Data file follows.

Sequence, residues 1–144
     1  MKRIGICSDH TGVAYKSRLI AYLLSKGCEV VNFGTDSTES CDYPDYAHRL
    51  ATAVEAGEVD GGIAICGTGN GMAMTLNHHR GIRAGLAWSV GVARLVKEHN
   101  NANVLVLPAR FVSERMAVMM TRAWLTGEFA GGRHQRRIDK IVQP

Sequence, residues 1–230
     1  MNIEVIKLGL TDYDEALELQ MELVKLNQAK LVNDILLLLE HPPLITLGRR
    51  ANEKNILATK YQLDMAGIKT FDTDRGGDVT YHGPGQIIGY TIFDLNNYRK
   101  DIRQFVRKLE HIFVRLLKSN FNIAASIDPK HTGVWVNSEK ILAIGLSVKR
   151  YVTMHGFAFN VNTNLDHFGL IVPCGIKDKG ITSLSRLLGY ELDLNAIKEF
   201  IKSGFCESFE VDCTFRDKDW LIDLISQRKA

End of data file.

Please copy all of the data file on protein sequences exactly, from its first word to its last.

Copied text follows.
Sequence, residues 1–144
     1  MKRIGICSDH TGVAYKSRLI AYLLSKGCEV VNFGTDSTES CDYPDYAHRL
    51  ATAVEAGEVD GGIAICGTGN GMAMTLNHHR GIRAGLAWSV GVARLVKEHN
   101  NANVLVLPAR FVSERMAVMM TRAWLTGEFA GGRHQRRIDK IVQP

Sequence, residues 1–230
     1  MNIEVIKLGL TDYDEALELQ MELVKLNQAK LVNDILLLLE HPPLITLGRR
    51  ANEKNILATK YQLDMAGIKT FDTDRGGDVT YHGPGQIIGY TIFDLNNYRK
   101  DIRQFVRKLE HIFVRLLKSN FNIAASIDPK HTGVWVNSEK ILAIGLSVKR
   151  YVTMHGFAFN VNTNLDHFGL IVPCGIKDKG ITSLSRLLGY ELDLNAIKEF
   201  IKSGFCESFE VDCTFRDKDW LIDLISQRKA